I didn't want to scare you since that didn't seem to be the problem he was experiencing, but it is important you tell him about the hazard. I've seen many Zinsco panels fail. Be careful as you work with the breakers, slight movement can cause arcing between the breakers and the thin aluminum ribbon style busbars. If a replacement breaker is required, I can tell you there are some new replacement breakers available, but they are not U.L. Listed. You can find them easily on Menard's website manufactured by UBI as Zinsco replacements and they are pretty expensive. I'd put that cost toward a panel replacement if it were me.
 
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Old 01-24-14, 09:12 PM
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A test light fixture consisting of a board on which you mounted two incandescent lamp sockets in series and put in two incandescent lamps of the same wattage is a good tool to use to test 240 volt circuits with.

The two leads may have alligator clips put on their ends but should not be connected to a 120 volt plug.
 
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Old 01-25-14, 10:47 AM
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I have a single bulb fixture with a cord & plug, I thought Id bring a duplex outlet over and test one side at a time. The plug will let me use my VM easily also with the fixture plugged into the other outlet.
 
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Old 01-25-14, 10:59 AM
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Should I even mess with that breaker - I don't want to make things worse, he can certainly hire an electrician to do that or just replace the whole panel. Would be nice to get the wires out and/or the breaker to examine but I don't want to break anything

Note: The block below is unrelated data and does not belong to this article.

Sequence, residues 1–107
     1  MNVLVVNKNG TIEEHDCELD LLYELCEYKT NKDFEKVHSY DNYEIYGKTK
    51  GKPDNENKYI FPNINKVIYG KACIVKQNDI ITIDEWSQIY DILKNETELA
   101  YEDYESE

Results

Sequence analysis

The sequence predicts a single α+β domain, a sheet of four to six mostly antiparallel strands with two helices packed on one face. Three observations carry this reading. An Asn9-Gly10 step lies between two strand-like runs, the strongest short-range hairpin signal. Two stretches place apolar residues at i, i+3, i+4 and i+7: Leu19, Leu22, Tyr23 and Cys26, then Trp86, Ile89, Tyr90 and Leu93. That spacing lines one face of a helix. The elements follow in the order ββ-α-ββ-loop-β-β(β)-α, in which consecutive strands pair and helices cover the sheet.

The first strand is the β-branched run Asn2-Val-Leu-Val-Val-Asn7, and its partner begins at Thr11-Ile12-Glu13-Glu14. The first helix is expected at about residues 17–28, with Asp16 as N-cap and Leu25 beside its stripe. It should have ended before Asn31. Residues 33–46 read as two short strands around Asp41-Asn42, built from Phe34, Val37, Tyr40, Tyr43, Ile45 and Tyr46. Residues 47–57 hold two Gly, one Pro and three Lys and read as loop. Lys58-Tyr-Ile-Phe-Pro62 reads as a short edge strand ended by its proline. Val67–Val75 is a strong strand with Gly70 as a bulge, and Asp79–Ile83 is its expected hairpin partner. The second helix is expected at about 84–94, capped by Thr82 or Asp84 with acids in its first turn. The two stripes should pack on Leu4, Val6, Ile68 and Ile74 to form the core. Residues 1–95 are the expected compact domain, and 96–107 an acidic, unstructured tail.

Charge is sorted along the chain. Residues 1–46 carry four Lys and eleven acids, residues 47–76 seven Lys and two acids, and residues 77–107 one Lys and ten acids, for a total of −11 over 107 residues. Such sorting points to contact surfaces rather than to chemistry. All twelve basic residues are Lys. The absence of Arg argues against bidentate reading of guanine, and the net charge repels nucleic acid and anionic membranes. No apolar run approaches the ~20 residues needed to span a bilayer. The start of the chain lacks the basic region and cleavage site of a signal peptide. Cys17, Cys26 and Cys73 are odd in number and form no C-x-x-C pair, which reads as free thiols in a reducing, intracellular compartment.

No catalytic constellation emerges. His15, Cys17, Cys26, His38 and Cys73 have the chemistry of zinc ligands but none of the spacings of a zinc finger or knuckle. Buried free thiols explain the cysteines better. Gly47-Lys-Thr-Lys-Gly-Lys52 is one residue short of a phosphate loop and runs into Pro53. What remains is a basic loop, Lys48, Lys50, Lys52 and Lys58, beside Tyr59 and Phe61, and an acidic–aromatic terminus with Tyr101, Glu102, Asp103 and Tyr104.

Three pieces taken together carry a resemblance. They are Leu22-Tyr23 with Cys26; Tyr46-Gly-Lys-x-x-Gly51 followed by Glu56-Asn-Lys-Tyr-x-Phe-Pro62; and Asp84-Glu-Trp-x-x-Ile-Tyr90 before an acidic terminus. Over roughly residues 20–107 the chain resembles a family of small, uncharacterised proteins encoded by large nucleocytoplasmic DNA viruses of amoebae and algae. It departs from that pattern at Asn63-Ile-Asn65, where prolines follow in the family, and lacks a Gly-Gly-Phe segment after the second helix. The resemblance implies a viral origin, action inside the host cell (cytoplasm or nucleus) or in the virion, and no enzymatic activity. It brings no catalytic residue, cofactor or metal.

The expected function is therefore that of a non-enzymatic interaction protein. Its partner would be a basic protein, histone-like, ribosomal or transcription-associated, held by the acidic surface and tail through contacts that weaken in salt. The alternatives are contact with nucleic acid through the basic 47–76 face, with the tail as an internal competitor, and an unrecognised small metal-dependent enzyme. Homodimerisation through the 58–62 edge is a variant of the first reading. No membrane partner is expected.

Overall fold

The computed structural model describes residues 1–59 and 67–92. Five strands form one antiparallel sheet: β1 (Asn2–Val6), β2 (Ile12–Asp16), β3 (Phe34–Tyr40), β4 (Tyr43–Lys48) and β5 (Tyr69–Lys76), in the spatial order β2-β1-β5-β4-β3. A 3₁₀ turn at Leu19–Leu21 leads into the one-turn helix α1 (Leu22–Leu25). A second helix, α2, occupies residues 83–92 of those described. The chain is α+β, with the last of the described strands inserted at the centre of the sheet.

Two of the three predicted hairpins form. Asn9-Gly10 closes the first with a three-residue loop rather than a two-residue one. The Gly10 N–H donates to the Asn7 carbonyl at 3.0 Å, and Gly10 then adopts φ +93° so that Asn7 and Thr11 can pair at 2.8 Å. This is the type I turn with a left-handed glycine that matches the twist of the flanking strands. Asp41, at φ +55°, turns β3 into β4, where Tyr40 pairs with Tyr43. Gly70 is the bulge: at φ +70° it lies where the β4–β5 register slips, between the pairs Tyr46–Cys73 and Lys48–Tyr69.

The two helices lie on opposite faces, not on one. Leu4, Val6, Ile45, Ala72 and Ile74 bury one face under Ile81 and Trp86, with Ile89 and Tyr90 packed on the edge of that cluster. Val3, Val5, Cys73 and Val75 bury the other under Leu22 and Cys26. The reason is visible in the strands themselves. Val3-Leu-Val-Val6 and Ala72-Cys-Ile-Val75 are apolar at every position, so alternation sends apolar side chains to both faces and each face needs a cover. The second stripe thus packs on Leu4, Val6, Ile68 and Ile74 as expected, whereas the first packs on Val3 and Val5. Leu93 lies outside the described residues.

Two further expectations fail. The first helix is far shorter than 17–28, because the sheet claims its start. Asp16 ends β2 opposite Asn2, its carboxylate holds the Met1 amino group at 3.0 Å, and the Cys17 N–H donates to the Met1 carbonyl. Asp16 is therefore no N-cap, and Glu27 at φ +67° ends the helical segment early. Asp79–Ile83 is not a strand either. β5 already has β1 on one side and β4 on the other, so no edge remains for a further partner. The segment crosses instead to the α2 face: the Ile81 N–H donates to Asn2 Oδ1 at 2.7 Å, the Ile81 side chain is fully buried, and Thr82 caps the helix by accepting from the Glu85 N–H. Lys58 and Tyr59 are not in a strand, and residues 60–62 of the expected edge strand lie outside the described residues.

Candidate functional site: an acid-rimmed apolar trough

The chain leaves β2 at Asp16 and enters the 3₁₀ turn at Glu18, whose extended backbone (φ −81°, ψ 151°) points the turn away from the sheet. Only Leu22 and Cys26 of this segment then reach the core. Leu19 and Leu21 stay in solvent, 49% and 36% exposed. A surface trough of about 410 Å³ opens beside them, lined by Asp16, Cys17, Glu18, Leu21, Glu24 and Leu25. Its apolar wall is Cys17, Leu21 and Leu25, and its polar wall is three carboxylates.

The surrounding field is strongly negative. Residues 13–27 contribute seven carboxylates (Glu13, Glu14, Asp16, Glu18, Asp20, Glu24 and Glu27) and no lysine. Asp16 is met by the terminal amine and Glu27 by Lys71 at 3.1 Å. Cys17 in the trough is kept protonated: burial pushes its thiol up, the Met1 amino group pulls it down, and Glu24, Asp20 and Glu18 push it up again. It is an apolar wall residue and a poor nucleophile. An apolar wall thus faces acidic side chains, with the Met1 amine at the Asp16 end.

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Old 01-25-14, 02:28 PM
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Test Results

I connected the test lamp that I already had, which is a single socket and a receptacle. Neutral wire and one hot measured around 85 volts with the bulb off. I tried 30W, 60W and 100W bulbs and the results were all the same: Bulb Off, 85V, Bulb on, no glow and 0V. The other hot leg was the same except it measured 95V with no load. Results were the same with a temporary neutral also. I told my neighbor to call an electrician, I do not feel comfortable trying to yank out the breaker from the panel or the wires from the breaker. The electrician will be here on Tuesday. With all the help from everyone here, I have done all that I feel comfortable doing and I thank you all. I'll post the results after the electrician is there on Tues or Wed. Pictures of panel are attached.

Thanks again
 
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Old 01-25-14, 06:57 PM
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YOu are getting only phantom voltage on both of the lines. The lines at the pool pump are really dead. There are methods to find out how far the lines go before a break has occured, using tone generators made for the purpose.